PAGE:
Outsourcing also helps insulate OEMs from market fluctuations. Suppliers can keep their production lines rolling by selling to other manufacturers or into other sectors, as ZF does with gearboxes. A highly vertically-integrated manufacturer will have to support a collection of non-productive business units and probably make redundancies, as both Vestas and Siemens have recently had to do in the U.S.
“The suppliers take the brunt of the volume risk and the turbine OEM doesn't have to deal with the full impact of a slowdown,” explains Karcanias. “There's less capital outlay and financial exposure, and less exposure to policy risk.”
A Dominant Theme
Outsourcing has been a dominant industry theme in recent years. In June 2012 Vestas sold its tower factory in Varde, Denmark to long-term supplier Titan Wind Energy while Goldwind offloaded its blade manufacturer Tianhe Blade to Sinomatech in May of that year - a complete reversal of the insourcing strategy previously followed by Chinese OEMs.
“That's a very clear indication from two top-10 players that they are seeking to divest fixed assets and pursue more of an outsourcing strategy,” says Karcanias. “Vestas has already shown its intent to pursue a hybrid approach and they are rapidly implementing that.
Gamesa has also slowly been shifting to a more outsourced model over the last decade. In 2007 the company took a 32 percent stake in Spanish tower manufacturer Windar as its part of a joint venture with Daniel Alonso that saw Gamesa divest its own tower factories. As well as Gamesa, Windar now supplies Acciona and Alstom.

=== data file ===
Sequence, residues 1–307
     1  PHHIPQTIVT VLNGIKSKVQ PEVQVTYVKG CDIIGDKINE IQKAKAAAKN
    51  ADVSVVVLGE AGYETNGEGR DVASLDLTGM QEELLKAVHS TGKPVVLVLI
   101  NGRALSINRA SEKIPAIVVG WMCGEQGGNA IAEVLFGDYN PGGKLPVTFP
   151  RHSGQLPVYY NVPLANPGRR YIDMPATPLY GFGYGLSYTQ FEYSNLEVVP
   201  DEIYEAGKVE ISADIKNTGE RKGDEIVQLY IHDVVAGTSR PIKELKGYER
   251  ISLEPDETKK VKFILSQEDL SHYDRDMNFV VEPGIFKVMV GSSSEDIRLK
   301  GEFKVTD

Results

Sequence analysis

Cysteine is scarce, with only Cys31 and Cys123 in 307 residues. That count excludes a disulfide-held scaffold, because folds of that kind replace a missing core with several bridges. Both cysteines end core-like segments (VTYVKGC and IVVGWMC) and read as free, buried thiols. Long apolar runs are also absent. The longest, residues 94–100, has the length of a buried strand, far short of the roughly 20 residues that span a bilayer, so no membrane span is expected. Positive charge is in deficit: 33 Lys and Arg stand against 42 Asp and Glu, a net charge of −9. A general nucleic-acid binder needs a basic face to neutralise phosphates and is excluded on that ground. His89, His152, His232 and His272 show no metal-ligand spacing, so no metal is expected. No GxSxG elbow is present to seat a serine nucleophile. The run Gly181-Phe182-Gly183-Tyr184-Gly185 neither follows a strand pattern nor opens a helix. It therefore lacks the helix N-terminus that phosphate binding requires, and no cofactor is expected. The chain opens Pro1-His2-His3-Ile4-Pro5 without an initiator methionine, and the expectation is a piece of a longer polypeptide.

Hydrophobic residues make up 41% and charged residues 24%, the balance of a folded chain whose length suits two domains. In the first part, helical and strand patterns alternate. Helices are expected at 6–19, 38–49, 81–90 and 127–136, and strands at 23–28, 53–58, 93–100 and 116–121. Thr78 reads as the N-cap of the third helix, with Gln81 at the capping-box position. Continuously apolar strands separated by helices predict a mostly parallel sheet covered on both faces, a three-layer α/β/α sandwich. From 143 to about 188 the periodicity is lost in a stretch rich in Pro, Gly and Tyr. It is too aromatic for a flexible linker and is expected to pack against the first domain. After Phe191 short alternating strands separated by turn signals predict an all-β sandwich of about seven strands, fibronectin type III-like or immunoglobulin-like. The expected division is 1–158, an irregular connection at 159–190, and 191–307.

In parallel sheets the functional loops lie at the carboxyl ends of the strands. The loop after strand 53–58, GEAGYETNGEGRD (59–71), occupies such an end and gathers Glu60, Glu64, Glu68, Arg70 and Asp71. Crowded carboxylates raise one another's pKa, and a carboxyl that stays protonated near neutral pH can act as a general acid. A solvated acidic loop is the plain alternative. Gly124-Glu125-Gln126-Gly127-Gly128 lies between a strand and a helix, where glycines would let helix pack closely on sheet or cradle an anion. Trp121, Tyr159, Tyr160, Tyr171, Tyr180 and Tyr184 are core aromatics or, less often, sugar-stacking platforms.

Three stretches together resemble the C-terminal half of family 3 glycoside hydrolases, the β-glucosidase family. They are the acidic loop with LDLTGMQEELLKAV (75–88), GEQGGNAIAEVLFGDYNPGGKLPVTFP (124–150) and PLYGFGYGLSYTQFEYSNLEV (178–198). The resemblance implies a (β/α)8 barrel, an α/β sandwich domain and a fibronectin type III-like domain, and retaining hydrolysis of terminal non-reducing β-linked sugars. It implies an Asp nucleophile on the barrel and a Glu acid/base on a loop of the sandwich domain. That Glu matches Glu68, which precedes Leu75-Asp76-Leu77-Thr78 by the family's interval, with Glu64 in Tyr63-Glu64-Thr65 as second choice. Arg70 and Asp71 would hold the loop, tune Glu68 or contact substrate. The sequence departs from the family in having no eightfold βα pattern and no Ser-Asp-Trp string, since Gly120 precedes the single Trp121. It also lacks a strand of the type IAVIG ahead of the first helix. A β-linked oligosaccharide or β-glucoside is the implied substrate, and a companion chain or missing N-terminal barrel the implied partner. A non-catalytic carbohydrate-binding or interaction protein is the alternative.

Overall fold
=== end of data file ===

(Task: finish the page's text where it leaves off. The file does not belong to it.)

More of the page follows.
“We are trying to get closer to the dynamics of the automotive industry,” says Ricardo Chocarro, Gamesa's operations managing director. “With only one or two days' inventory in the warehouse, working capital can be drastically reduced.”
Cost and capital are the two key metrics, with Gamesa's hybrid Make and Buy supply chain strategy using ROCE (Return on Capital Employed) analysis to decide whether to insource or outsource. Chocarro estimates current overcapacity in the market as 30-40 percent. “We want to use existing capacity, whether ours or a supplier's,” he says. “Any future growth will be covered by outsourcing.”